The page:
Our beach vacation was going great until it imploded on Day 4. Both kids woke at dawn, tired and wired from the previous night's funnel cake–fueled trip to the boardwalk. As they barked out breakfast orders, I stumbled around our kitchenette, scrambling an egg for my 6-year-old while holding a crying 2-year-old on one hip. The rest of the day followed suit, with tantrums, a sunscreen boycott, complaints that the beach was too sandy—everything you'd expect after junk food, salty waves, amusement parks, and late bedtimes. I wouldn't take back any of those things. If I screwed up at all, it was in expecting our trip to look like friends' Instagram shots, minus the messy outtakes. Managing expectations may be the best-kept secret behind a successful family getaway, says Corinne McDermott, mom of two and founder of HaveBabyWillTravel.com. "Once I embraced my daughter's need to nap, we enjoyed morning outings around it and going back to the hotel to rest," adds McDermott. She and other family-travel gurus spill their secrets to rocking your brood's next getaway, which starts with careful planning.
Get the lowdown on the following features:
* Room layout Ideally, they'll be a door (or at least a partition) between your bed and where the kids' are sleeping. If it looks you'll have to squeeze into one room, find out if there's an alcove big enough for a portable crib. Even a walk-in closet (door left ajar for ventilation) or wheelchair-accessible bathroom may do the trick.
* Pool Many hotels have one, but call to ask the hours (will it be open for your early riser?), the depth (is there a shallow end?) and whether there are lifeguards.
* Breakfast At the bare minimum, you want a spot that offers fruit, coffee, and other grab-and-go fare. But a free spread is fantastic, especially if there are cooked-to-order items. Some hotels put away their spread at 9 a.m. on weekdays—even in the summer—so ask about the free breakfast hours.
* Fridge A place to stash water, juice, fruit, and other snacks is standard in many hotels. If the hotel you otherwise like doesn't offer a fridge in guest rooms, ask if housekeeping can remove the contents of the mini bar so you can put your food and drinks in there.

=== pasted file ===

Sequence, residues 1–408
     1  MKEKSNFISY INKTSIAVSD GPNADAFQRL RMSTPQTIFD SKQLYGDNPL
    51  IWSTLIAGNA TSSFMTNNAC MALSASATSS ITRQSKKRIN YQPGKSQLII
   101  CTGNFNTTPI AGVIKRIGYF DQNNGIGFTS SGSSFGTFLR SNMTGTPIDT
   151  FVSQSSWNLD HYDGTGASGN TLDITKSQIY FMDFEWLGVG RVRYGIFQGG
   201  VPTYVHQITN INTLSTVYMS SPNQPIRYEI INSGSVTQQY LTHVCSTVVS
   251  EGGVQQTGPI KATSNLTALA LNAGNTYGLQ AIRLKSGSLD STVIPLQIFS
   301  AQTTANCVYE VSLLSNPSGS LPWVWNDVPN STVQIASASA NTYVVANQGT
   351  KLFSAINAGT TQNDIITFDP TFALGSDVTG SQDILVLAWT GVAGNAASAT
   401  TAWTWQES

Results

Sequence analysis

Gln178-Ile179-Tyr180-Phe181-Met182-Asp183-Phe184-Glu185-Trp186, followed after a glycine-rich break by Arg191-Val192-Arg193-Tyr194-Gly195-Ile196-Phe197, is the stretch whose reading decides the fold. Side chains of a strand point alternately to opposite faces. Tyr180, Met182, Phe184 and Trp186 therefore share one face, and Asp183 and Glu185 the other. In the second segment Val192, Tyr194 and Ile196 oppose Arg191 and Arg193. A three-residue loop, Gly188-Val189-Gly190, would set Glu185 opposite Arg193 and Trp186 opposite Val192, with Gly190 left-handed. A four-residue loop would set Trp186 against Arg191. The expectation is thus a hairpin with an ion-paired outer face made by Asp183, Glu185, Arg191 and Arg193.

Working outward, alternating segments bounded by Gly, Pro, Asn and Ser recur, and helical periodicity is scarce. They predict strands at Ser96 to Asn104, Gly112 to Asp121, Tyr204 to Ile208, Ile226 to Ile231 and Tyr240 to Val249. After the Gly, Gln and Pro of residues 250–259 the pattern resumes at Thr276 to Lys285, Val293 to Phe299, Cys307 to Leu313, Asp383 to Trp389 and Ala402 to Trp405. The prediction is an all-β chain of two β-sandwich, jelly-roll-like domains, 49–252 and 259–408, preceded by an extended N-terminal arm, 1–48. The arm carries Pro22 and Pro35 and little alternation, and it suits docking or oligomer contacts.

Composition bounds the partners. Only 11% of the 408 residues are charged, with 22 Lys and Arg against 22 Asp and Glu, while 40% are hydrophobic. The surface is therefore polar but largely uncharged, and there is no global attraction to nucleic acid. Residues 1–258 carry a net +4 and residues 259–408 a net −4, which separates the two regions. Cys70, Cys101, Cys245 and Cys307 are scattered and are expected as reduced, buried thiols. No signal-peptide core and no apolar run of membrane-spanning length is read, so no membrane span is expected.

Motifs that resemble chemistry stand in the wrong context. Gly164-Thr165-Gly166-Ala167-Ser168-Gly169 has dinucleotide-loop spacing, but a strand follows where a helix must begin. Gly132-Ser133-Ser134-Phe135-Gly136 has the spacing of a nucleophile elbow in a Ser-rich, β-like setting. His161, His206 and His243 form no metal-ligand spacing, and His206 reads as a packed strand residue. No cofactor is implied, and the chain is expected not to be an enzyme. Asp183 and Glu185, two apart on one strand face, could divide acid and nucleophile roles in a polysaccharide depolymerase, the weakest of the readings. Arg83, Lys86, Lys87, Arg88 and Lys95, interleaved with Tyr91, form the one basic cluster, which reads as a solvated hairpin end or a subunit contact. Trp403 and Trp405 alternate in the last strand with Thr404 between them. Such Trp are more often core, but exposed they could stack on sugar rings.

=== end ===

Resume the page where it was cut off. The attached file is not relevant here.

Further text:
* Kids' Activities Find out whether there's a drop-off children's program—and, if so, what are the hours and age restrictions. No go? Still probe further. Even hotels that don't have children's activities often offer coupons or discounted tickets to local family attractions.
* Baby Gear If you're bringing an infant or toddler, find out whether the hotel provides childproofing supplies, loaner high chairs, and baby bathtubs. Also make sure that it has sheets to fit the portable crib rather than relying on the ones used for the regular beds. You might want to pack a sheet from home just in case.
Some 59 percent of travelers planned to rent a vacation home last year, up from 52 percent the year before, according to TripAdvisor research. And a rental cottage or condo tends to cost less per night than a hotel. Just be sure to inquire about a few things that the listing may not mention:
* Safety Hazards Ask about any breakable décor, balconies and open staircases, a pool (including fencing), and the backyard (is it flat and grassy or hilly?).
* Hidden Gems Sand toys, a high chair, books, a portable crib, and a stroller could be inside the closets.
* Maid Service Many rentals offer a housekeeper add-on that won't break the bank, especially if you're splitting the service with another family.
You're probably going to choose your airline based on price, reward points, and ease of travel (who wants a seven-hour layover?). If there are two similar carriers, use the info below to help make your choice. If not, just know what you're getting into.
* On-Time Landing The Department of Transportation issues Air Travel Consumer Reports every month. Downland the latest one to see how likely your carrier is to get you there without a delay.
* Kid Entertainment Many planes now have Wi-Fi. Find out whether it's free or they'll be a charge. While many planes still have family-friendly programming on seatbacks, it's better to bring your own device (along with the charger) than rely on their picks.
* Snacks Most airlines are serving free snacks once again. Jet Blue, in particular, has a lot of kid-friendly choices, including nut-free cookies.
* Free Perks American, Delta, Jet Blue, and Southwest Airlines offer free wing pins for kids—just ask. United recently debuted a free 28-page passport for kids with snacks and puzzles, plus a page for crew autographs.
Learn more about planning the ultimate vacation: